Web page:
As scarcity in the talent market persists, employees aren’t hesitating to take the opportunity to jump ship. Job-switching no longer retains the same stigma it has had in the past, and the practice is becoming more commonplace as offers improve and we continue to transition to the gig-based economy. This willingness to job-hop creates a challenge for employers—and an opportunity for recruiters.
Though employees are more likely to take the leap these days, it doesn’t mean they are going through a big job transition for no reason. People leave because they are dissatisfied, and they take offers because they see greener pastures ahead. What aspect of the job ultimately pushes them to make the change, though? Studies show that work-life balance is a major contributor in employee decisions to stay or go.
According to one study, work-life balance issues account for 28% of employee departures, however the statistics may be even higher. Flexible work schedules and the ability to work remotely are huge contributors to maintaining a successful work-life balance, and a Yoh survey confirms their importance in retaining employees. The study returned a result of 42% of employees saying they would leave their current job for a more flexible work environment.
This is startling when you consider that nearly a quarter of workers claim their jobs interfere with their relationships with their children and significant other. That is a sizable chunk of the workforce that is at risk for departure (or that could be free for the taking).
As the hiring game gets more competitive, expectations are growing for employers to provide flexible scheduling and other benefits that promote work-life balance. Even the retail industry is increasing benefits due to its problems with retention; Walmart, Lowes, and Starbucks are all offering paid parental leave to even their hourly employees.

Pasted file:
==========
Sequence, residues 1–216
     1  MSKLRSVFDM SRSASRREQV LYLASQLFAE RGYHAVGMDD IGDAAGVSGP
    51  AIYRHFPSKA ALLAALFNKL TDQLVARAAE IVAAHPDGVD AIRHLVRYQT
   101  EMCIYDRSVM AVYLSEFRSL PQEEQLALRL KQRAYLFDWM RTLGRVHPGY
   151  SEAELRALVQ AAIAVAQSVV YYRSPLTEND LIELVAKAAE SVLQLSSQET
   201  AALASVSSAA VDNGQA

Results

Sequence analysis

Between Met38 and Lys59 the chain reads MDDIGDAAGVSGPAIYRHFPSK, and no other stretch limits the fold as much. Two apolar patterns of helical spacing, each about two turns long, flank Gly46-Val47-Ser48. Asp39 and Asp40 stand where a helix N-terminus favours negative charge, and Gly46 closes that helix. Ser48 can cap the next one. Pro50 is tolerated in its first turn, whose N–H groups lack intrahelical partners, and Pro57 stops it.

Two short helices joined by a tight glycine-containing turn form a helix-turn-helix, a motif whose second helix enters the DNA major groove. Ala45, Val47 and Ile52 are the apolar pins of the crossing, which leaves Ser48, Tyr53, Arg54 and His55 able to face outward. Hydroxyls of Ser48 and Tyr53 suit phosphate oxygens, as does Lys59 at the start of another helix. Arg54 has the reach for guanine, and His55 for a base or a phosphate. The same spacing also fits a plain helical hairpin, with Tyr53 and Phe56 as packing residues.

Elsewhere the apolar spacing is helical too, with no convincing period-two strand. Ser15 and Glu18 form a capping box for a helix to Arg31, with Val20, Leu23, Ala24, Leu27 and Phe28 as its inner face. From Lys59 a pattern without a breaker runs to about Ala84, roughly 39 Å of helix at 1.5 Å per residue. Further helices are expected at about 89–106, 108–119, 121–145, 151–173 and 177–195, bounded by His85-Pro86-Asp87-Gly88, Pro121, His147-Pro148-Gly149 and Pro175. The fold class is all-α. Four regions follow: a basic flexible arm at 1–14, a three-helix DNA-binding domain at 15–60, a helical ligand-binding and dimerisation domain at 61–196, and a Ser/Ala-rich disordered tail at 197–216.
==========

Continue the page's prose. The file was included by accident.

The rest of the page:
When vying for talent using work-life balance, be sure to showcase your truly valuable benefits. Don’t make the mistake of throwing in every trendy office perk you can offer. 73% of employees say they would not leave their job for on-site gyms, daycare services, game rooms, or other office-lifestyle enhancing perks.
Providing benefits such as flexible work hours, parental leave, and remote work options are vital to retaining and attracting employees. This is especially true as workers progress in their lives and careers, becoming more valuable to your company and more established in their personal relationships. Providing long-term benefits, such as career paths that don’t require relocation, is a way to attract and retain talent for the future.
Having benefits available is a great way to get talent in the door, but in order to keep that talent, employers have to take things a step further. Offering PTO and flexible work is not enough on its own; the company culture has to support the use of these benefits. In one study, Science Daily found that 40% of respondents believed that using their PTO would jeopardize their careers and slow advancement at their company.
If employees do not feel free to use the benefits provided to them, the benefit of retainment is lost for the employer. These workers are just as likely to jump ship for a company with a better-perceived company culture; one that they feel will support them in both their lives and careers. It is therefore important to listen to employee feedback for guidance on how to retain workers for the long term and improve work-life balance at your organization.
Emphasis on work-life balance will mean more investment in your employees’ personal well-being. In the end, however, you’ll have a less stressed, more productive workforce and a company culture that will attract high quality candidates.